AOL Taps Vertica Database

Column-store platform edges out IBM Netezza, Oracle and others to provide self-service data sets for advertizing optimization and internal traffic analysis.
"We've got data, and we're not afraid to use it."

This is how AOL describes the mission of its "armies of researchers, engineers and other thick-framed-glasses types" who deliver sought-after online audiences. To let customers and internal business users do more of this work on their own, AOL has added Vertica to its portfolio of data warehousing tools, it was announced on Tuesday.

Vertica was selected to replace MySQL as the database of choice for delivering online data sets and reporting applications. As these data sets have grown, the company was running into performance problems including data sharding and difficulty replicating information across multiple servers, according to Mark Ettrich, senior technical director at AOL.

"Vertica will help us support robust reporting and data consumption whether it's through front-end Web services, APIs or direct SQL queries against Vertica boxes," Ettrich told InformationWeek.

If your last frame of reference on AOL was the 1998 romantic comedy "You've Got Mail" or even the subsequent flame out and divorce from Time Warner in 2009, it might surprise you to learn that AOL's is said to be the number in network in online advertising, reaching 74 out of comScore's top 100 Web sites. AOL has also morphed from a dial-up Internet access provider into an original content publisher, with rising sites including Engadget, Politics Daily, AOL Music and Black Voices.

AOL will deploy Vertica over the coming year to power both external and internal self-service query and reporting applications, Ettrich said. AOL Advertising and customers, for example, want to measure brand awareness and analyze the success of advertising campaigns. Internal customers might want to examine traffic sources and trends, or revenue scenarios.

Vertica's column-store database supports massively parallel processing (MPP) on commodity hardware. The column-store approach -- an architecture shared by competitors Sybase IQ and ParAccel -- maximizes data compression and speeds analytic queries that typically interrogate only selected dimensions across rows of data. MPP further enhances performance by spreading workloads across tens, hundreds or even thousands of nodes.

AOL was already using (and continues to use) Oracle and Netezza for data warehousing, but the company considered products from Aster Data, Greenplum, Oracle, Netezza and Vertica in the MySQL-replacement evaluation.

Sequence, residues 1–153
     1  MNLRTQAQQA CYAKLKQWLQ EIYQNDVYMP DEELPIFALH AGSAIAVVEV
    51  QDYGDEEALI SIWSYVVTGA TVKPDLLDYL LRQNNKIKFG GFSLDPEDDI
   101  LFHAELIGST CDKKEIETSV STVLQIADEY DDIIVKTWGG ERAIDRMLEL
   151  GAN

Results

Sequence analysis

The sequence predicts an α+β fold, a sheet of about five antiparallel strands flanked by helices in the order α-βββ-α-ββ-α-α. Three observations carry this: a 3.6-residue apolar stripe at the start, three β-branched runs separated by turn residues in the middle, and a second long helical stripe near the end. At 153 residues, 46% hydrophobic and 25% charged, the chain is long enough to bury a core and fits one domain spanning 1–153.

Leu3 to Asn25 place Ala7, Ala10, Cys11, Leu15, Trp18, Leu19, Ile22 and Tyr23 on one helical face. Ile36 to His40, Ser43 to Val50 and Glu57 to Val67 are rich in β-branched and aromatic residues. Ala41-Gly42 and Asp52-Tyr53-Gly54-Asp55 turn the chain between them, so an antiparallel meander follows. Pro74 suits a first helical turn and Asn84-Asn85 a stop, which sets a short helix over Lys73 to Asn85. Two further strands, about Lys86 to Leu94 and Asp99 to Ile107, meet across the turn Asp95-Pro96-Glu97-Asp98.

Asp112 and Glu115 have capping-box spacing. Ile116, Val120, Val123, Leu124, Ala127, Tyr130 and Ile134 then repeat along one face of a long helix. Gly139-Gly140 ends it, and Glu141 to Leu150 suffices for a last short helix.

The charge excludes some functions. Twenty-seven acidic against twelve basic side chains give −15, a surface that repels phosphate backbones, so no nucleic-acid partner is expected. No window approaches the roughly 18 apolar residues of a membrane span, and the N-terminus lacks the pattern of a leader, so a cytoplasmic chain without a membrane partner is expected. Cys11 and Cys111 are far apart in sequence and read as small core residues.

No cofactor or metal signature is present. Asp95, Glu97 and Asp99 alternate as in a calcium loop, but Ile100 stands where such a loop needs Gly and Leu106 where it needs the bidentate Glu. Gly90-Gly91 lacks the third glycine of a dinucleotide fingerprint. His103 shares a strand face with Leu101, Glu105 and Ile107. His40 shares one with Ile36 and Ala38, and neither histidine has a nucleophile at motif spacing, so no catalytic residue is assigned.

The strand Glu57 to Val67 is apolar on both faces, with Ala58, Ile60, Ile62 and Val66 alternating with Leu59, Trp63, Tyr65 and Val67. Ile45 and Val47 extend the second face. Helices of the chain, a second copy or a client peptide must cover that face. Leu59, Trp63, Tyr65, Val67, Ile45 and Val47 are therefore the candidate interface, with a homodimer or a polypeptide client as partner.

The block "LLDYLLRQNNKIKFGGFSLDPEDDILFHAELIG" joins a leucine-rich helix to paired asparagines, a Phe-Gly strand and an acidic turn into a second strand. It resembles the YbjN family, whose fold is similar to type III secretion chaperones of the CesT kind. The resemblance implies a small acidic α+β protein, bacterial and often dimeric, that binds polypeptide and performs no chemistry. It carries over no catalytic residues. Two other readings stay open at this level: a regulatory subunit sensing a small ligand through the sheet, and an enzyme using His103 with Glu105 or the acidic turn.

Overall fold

AOL's requirements included the ability to serve up multiple 10-to-15 terabyte data stores with continuous data loading for near-real-time reporting. The company also tested the ability to support at least 300 concurrent users.

"One of the stand-out features of Vertica that appealed to me was the ability to run on true commodity hardware," Ettrich said. "Some vendors say they run on commodity hardware, but they stipulate particular configurations, interfaces and configurations to get optimum performance."

AOL uses reverse auctions to purchase its hardware, and it specs out several commodity (White) boxes that can be used to run the Vertica database with stand-out performance, Ettrich said.

Asked if AOL intends to consolidate data warehousing platforms, Ettrich demurred, "I don't want to make any statements about that at this point."

Founded in 2005, Vertica was among a handful of upstart analytic database providers that emerged and made inroads against data warehousing incumbents Oracle, IBM, Microsoft and Teradata in recent years. Consolidation in 2010 saw two early pioneers, Netezza and Greenplum, acquired by IBM and EMC, respectively. Aster Data, InfoBright, Kognitio, ParAccel and Vertica are among the independents remaining.

AOL raises Vertica's customer count to 328 firms, according to the company, and it lists Bank of America, BlueCross BlueShield, Comcast, Sunoco, and Verizon among other prominent customers.

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